So, it’s a funny experience when you are a freelance business. All funds paid to the business are also funds paid to you. So you have a difficult choice to make when spending any funds; £1 could be spent on something for my kids, or my house, or on the business. There is also never any guarantee that people will continue to book you. The huge psychological leap you have to take when deciding to take the plunge and go full time freelance is to cast off the safety net of a regular wage, paid into your account in perpetuity if you are lucky.
So the point of this is not to give you an insight into the risk v reward internal turmoil faced by freelancers, but rather to set the context for the decisions we make to upgrade our equipment.
When I started filming weddings, I shot on a Canon 60d as my primary camera and 700d as secondary. They were great and some of my favourite weddings to this day were shot on them. Canon colours are lovely out of the camera and they felt good to use, ergonomically.
I used a Laing steadicam to stabilise motion. It was good for the price, and served me well through many years of not very delicate treatment. It wasn’t as good as those made by Glidecam but it did the trick.
But the Canon’s were really built with photography in mind. They could only shoot 50fps at 720p which worked well but upscaling that footage to 1080 would result in some loss in quality. Also, they were cropped sensors and struggled anywhere above 1200 ISO.
So I got the Sony a7sii – pretty much the landmark camera for Indy filmmakers. It allowed up to 50fps 1080p on a full frame and 100fps 1080p on a 2.2 x crop. The image quality was superb, but the colours were guff compared to Canon. It’s no surprise that there is an EOS Canon imitation picture profile you can download for the Sonys.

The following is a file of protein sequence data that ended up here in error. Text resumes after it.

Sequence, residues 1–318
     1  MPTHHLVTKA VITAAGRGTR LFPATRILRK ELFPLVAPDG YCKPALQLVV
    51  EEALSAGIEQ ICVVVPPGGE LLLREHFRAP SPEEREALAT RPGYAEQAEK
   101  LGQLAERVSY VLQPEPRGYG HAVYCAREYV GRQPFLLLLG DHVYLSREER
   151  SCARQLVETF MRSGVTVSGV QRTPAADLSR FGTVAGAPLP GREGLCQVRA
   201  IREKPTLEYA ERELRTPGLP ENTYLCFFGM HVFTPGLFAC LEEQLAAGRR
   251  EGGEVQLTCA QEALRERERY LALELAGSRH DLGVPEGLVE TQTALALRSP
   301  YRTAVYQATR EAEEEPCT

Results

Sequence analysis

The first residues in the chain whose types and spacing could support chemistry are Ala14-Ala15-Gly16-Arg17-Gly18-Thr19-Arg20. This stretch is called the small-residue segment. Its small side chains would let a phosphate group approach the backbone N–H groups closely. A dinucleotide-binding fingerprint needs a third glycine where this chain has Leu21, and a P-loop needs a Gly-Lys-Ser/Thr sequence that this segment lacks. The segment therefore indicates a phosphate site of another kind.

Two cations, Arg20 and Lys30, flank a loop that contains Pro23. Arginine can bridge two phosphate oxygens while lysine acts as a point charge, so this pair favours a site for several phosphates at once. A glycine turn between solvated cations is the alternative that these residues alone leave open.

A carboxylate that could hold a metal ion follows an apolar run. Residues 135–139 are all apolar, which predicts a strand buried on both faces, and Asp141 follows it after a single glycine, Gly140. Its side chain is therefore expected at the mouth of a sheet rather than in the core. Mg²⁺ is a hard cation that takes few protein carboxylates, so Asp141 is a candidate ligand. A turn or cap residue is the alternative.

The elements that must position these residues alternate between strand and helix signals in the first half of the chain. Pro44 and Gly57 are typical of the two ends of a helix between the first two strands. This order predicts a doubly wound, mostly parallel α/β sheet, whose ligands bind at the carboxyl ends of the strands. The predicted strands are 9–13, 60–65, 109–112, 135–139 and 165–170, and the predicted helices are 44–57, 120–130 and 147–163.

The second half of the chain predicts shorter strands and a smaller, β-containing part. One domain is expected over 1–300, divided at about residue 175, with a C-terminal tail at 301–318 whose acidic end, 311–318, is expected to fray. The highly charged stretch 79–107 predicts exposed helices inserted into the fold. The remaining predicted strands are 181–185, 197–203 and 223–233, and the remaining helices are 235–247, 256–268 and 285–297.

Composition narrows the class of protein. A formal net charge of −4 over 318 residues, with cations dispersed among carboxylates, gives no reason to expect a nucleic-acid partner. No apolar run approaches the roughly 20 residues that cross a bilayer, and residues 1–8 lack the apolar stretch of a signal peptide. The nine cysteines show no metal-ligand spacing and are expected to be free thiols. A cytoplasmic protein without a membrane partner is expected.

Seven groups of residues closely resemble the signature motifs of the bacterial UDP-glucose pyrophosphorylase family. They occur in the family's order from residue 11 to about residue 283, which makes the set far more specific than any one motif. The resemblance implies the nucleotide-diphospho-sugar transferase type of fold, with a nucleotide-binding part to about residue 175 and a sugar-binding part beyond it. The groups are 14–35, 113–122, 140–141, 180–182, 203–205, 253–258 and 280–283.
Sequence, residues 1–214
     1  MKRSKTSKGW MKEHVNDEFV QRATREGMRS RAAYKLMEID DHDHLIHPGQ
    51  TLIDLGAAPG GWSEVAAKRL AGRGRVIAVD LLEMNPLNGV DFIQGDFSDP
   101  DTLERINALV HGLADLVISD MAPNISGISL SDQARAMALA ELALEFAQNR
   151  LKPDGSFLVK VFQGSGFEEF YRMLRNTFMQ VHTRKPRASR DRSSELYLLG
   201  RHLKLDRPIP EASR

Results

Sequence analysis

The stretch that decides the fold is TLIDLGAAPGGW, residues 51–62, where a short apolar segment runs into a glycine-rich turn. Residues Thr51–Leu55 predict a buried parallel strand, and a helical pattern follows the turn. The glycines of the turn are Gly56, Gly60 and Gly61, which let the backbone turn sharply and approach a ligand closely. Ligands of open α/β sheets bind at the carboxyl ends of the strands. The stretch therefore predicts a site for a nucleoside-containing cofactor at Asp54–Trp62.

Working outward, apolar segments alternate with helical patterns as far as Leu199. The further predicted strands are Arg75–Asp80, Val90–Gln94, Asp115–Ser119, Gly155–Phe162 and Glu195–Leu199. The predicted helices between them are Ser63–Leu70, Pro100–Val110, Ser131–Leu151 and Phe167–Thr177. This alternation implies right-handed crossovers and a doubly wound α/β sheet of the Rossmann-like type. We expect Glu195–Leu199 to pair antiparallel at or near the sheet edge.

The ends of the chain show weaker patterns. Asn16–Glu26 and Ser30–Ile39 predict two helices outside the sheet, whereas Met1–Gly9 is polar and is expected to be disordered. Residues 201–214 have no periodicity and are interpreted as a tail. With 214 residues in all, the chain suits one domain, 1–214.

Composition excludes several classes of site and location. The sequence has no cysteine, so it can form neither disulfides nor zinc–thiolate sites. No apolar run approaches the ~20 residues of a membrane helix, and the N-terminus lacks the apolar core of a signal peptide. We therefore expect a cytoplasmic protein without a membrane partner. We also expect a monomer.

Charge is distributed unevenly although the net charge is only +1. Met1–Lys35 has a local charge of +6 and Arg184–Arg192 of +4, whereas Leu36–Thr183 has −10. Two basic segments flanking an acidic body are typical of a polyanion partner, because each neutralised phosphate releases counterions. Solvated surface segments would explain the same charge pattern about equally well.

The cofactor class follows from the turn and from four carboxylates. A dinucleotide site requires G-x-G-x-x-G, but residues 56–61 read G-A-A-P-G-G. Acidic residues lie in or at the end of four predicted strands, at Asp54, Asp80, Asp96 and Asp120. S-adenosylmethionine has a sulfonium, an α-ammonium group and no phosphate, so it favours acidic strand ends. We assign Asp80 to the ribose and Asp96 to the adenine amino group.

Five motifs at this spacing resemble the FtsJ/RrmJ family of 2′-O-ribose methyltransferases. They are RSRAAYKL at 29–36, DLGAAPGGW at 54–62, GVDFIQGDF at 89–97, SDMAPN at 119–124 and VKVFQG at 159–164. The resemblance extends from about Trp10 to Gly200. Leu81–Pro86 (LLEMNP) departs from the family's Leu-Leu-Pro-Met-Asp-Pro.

I had a difficult time getting used to the Sony colours, picture profiles, method of exposing, etc but actually, within a few weddings I was running on muscle memory. It’s small form factor allows me to just get in about the situations I find myself in, see the imagine I want and the camera will deliver it. What is more, when it comes to grading, there is so much information retained in shadows and highlights that the inevitable manic compromises of run and gun shooting can still yield great results.
So then I was shooting all day on a Sony a7sii and using the 60d as my wide b-cam on speeches and ceremony. People fret about colour matching but a bit of playing around in Lumetri and a preset was soon saved which I could just drop onto the Canon footage to match the Sony, tonally at least.
But there are limitations. Canon image quality is way below the Sony. It only records for 12 minutes at a time. It is rubbish in low light (crop sensor) and, for me the most critical thing, you can’t check focus during filming (yes yes, Magic Lantern and all that would allow that).
So the time came to upgrade to some new kit. The a7iii has been the mostly hotly talked about camera of recent times it seems, with professional photographers of both Nikon and Canon tribes abandoning their loyalties in order to embrace it. If you’re filming, it offers key advantages over even the Sony a7sii. Namely, dual card slots.
The fear of card corruption and data loss are the stuff of nightmares for us and having the ability to record a backup file to a second card is just beautiful. Also, the a7iii batteries are double the size, if not more, of the previous Sony batteries and so I can safely shoot a whole Catholic ceremony on one battery now.
It also means that, should I really desire it, I could shoot a fully 4k wedding with the a7iii, but I have no intention of doing so at the moment.
And although the way I shoot weddings doesn’t rely on big movement much, having the Ronin S will allow me to bring a whole level of extra control, and therefore refinement to the way I film certain elements.
It’s an easy way to make your bank balance £2000 lighter, but we are committed to doing the very best we can.